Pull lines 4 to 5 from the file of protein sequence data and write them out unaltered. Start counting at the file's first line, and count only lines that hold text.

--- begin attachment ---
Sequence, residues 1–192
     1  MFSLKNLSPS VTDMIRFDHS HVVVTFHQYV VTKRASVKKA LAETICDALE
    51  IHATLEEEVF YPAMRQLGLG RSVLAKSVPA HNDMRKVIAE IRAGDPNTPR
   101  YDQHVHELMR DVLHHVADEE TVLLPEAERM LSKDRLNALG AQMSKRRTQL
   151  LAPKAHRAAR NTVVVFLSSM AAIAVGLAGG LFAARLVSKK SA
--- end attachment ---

   101  YDQHVHELMR DVLHHVADEE TVLLPEAERM LSKDRLNALG AQMSKRRTQL
   151  LAPKAHRAAR NTVVVFLSSM AAIAVGLAGG LFAARLVSKK SA